A lot of people might grimace when they hear the words "root canal." But what you've heard about root canals and root canal pain isn't exactly accurate. In fact, there are many people who have had root canals that have described the procedure as "painless." That's right, painless! This article covers the myths concerning root canals and root canal pain. Enjoy the article and thank you for reading.
There are many misconceptions surrounding root canal (endodontic) treatment and whether patients experience root canal pain. The American Association of Endodontists wants you to have accurate information. As always, when considering any medical procedure, you should get as much information as you can about all of your options. Your dentist or endodontist can answer many of your questions, and if you still have concerns, it is often wise to seek a second opinion.
Myth #1—Root canal treatment is painful.
Truth —Root canal treatment doesn't cause pain, it relieves it.
The perception of root canals being painful began decades ago but with the latest technologies and anesthetics, root canal treatment today is no more uncomfortable than having a filling placed. In fact, a recent survey showed that patients who have experienced root canal treatment are six times more likely to describe it as "painless" than patients who have not had root canal treatment.
Most patients see their dentist or endodontist when they have a severe toothache. The toothache can be caused by damaged tissues in the tooth. Root canal treatment removes this damaged tissue from the tooth, thereby relieving the pain you feel.
Myth #2—Root canal treatment causes illness.
The myth: Patients searching the Internet for information on root canals may find sites claiming that teeth receiving root canal (endodontic) treatment contribute to the occurrence of illness and disease in the body. This claim is based on long-debunked and poorly designed research performed in the 1920s by Dr. Weston A. Price. Dr. Price stated that bacteria trapped in the teeth during root canal treatment could “leak” and cause almost any type of disease, including arthritis, heart disease, kidney disease and others. This was before medicine understood the causes of these illnesses. At the time, Dr. Price recommended tooth extraction instead of endodontic treatment.
The truth: There is no valid, scientific evidence linking root canal-treated teeth and disease elsewhere in the body.
In fact, by the early 1930s, a number of well-designed studies discredited Dr. Price’s research, and no subsequent research has supported Dr. Price’s findings. In 1951, the Journal of the American Dental Association devoted an entire issue to a review of the scientific literature and concluded that there was no evidence supporting Dr. Price’s theory and that his research techniques from the 1920s lacked many aspects of modern scientific research. The ADA recommended endodontic treatment as the standard of practice for teeth that could be saved. Recent research continues to support the safety of dental treatment as it relates to overall health.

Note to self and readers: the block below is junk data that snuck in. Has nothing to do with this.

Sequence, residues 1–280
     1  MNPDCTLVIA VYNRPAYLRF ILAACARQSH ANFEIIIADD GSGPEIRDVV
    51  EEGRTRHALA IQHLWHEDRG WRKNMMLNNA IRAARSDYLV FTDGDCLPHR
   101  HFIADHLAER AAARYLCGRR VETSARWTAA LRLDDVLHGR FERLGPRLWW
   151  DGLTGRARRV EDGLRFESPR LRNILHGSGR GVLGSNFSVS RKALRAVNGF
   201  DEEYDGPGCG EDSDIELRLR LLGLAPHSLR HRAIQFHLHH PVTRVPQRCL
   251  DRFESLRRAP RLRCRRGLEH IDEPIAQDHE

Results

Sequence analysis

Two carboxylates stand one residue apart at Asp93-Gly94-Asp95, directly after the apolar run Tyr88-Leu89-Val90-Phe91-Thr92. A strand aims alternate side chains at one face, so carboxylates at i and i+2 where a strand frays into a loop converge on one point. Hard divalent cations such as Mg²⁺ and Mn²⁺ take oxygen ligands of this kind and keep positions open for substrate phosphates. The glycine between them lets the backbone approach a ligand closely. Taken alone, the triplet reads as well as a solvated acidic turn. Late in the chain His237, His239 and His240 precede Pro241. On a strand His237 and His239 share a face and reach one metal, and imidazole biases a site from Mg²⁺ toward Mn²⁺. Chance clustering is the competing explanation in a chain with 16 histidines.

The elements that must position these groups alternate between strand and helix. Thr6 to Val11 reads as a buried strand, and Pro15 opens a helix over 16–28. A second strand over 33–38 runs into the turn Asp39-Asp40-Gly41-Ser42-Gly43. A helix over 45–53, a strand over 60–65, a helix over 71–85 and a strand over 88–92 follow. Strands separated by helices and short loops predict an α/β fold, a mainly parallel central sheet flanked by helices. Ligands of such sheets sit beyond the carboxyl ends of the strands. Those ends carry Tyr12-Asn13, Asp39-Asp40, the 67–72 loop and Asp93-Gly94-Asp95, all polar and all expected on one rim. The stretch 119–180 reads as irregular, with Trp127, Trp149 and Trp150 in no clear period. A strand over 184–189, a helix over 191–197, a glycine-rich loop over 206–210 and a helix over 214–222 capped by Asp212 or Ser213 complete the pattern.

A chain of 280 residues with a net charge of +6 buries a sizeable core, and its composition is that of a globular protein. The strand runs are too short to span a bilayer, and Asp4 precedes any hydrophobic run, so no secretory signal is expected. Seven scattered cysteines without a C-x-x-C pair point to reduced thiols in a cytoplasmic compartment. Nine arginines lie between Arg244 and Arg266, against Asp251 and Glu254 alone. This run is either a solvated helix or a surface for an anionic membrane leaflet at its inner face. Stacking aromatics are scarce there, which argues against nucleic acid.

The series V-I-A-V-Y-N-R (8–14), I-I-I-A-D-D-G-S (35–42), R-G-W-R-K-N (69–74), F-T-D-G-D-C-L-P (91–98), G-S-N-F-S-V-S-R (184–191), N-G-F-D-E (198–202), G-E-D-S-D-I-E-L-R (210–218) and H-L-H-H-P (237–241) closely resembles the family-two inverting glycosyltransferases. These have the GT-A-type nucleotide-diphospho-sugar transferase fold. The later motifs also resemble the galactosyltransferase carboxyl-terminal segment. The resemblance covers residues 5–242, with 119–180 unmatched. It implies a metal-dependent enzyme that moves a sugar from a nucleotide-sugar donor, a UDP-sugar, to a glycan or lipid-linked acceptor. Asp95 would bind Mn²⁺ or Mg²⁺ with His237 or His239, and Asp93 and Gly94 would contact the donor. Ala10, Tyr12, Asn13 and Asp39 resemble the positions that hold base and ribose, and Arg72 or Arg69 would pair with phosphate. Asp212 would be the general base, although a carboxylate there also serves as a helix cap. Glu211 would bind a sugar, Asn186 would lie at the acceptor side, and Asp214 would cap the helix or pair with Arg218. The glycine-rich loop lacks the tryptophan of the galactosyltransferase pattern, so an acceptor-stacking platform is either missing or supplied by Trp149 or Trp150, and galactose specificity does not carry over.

- The presence of bacteria in teeth and the mouth has been an accepted fact for many years. But the presence of bacteria does not constitute "infection" and is not necessarily a threat to a person's health. Bacteria are present in the mouth and teeth at all times, even in teeth that have never had a cavity or other trauma. Research shows that the healthy immune system takes care of bacteria in a matter of minutes.
- When a severe infection in a tooth requires endodontic treatment, that treatment is designed to eliminate bacteria from the infected root canal and prevent re-infection of the tooth.
- Tooth extraction is a potentially traumatic procedure and is known to cause a significantly higher incidence of bacteria entering the bloodstream; endodontic treatment confined to the root canal system produces much less trauma and a much lower incidence and magnitude of bacteria entering the blood stream.
- There is no adequate replacement for the natural tooth - it should be saved whenever possible. Endodontic treatment, along with appropriate restoration, is a cost effective way to treat infected teeth because it is usually less expensive than extraction and placement of an implant. In most cases, endodontic treatment allows patients to keep their natural teeth for a lifetime.
Continue reading this article at www.aae.org.
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